The Difficult Art of Counter-Criticism: Rebecca Solnit on Celebrating Complexity, Savoring the Unquantifiable, and Defying the Urge to Simplify and Contain
“There is a kind of counter-criticism that … can liberate a work of art, to be seen fully, to remain alive, to engage in a conversation that will not ever end but will instead keep feeding the imagination.”
By Maria Popova
“Behind the cotton wool is hidden a pattern… the whole world is a work of art,” Virginia Woolf wrote in her sublime meditation on the recognition of subtleties and interconnections at the heart of creative work. “There is no Shakespeare, there is no Beethoven; certainly and emphatically there is no God; we are the words; we are the music; we are the thing itself.” And yet in the lapse between Woolf’s time and ours, we have lost sight of our thingness and ceased seeing the pattern behind the cotton wool. Ours is an age bedeviled by the urge — an urge bearing the ominous compulsiveness of addiction — to reduce, flatten, and simplify what is more expansive, dimensional, and complex than can be easily understood. Too often, we choose this ease — the ease of reflexive reactions and instant opinions — over the difficult but nourishing work of consideration. As if the sensationalist headlines of the news media weren’t corrosive enough to the contemplative necessities of the human spirit, even our cultural commentary on such supreme temples of contemplation as literature and art has taken on the same predatory tendency to traffic in simplistic, often sadistic criticism that impoverishes the conversation and our collective conscience of nuance.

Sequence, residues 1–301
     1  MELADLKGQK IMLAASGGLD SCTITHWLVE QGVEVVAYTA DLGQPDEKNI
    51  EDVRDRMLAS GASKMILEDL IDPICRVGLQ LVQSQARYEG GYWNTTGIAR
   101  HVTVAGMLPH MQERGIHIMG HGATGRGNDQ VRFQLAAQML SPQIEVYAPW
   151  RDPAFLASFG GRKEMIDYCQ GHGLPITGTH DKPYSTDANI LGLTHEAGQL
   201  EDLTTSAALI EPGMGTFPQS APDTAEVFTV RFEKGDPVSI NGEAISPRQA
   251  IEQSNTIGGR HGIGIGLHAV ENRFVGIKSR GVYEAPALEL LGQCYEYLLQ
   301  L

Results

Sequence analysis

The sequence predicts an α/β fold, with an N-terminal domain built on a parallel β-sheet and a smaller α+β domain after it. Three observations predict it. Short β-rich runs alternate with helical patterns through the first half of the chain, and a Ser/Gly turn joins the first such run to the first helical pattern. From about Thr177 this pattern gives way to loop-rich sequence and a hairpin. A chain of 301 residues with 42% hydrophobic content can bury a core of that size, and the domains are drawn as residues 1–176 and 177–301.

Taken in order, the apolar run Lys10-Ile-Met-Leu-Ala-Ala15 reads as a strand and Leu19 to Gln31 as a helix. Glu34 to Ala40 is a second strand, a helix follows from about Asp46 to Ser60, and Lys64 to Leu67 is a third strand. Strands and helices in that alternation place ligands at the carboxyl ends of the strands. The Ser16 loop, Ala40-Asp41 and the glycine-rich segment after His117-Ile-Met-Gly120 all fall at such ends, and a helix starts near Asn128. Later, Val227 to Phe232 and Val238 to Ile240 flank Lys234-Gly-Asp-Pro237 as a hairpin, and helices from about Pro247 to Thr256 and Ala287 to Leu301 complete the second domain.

But there is another way — an antidote that, by countering these poisonous narratives, enriches and perhaps even saves our interior lives. That antidote is what Rebecca Solnit, unparalleled high priestess of nuance and intelligent contemplation, explores in a piece titled “Woolf’s Darkness: Embracing the Inexplicable,” found in her subversive and sanctifying essay collection Men Explain Things To Me (public library).
Solnit notes that much of our commentary on art and culture embodies a “kind of aggression against the slipperiness of the work and the ambiguities of the artist’s intent” and “a desire to make certain what is uncertain, to know what is unknowable, to turn the flight across the sky into the roast upon the plate, to classify and contain.” She points to the alternative — an alternative we frequently forget exists at all:
There is a kind of counter-criticism that seeks to expand the work of art, by connecting it, opening up its meanings, inviting in the possibilities. A great work of criticism can liberate a work of art, to be seen fully, to remain alive, to engage in a conversation that will not ever end but will instead keep feeding the imagination. Not against interpretation, but against confinement, against the killing of the spirit. Such criticism is itself great art. This is a kind of criticism that does not pit the critic against the text, does not seek authority. It seeks instead to travel with the work and its ideas, to invite it to blossom and invite others into a conversation that might have previously seemed impenetrable, to draw out relationships that might have been unseen and open doors that might have been locked. This is a kind of criticism that respects the essential mystery of a work of art, which is in part its beauty and its pleasure, both of which are irreducible and subjective. The worst criticism seeks to have the last word and leave the rest of us in silence; the best opens up an exchange that need never end.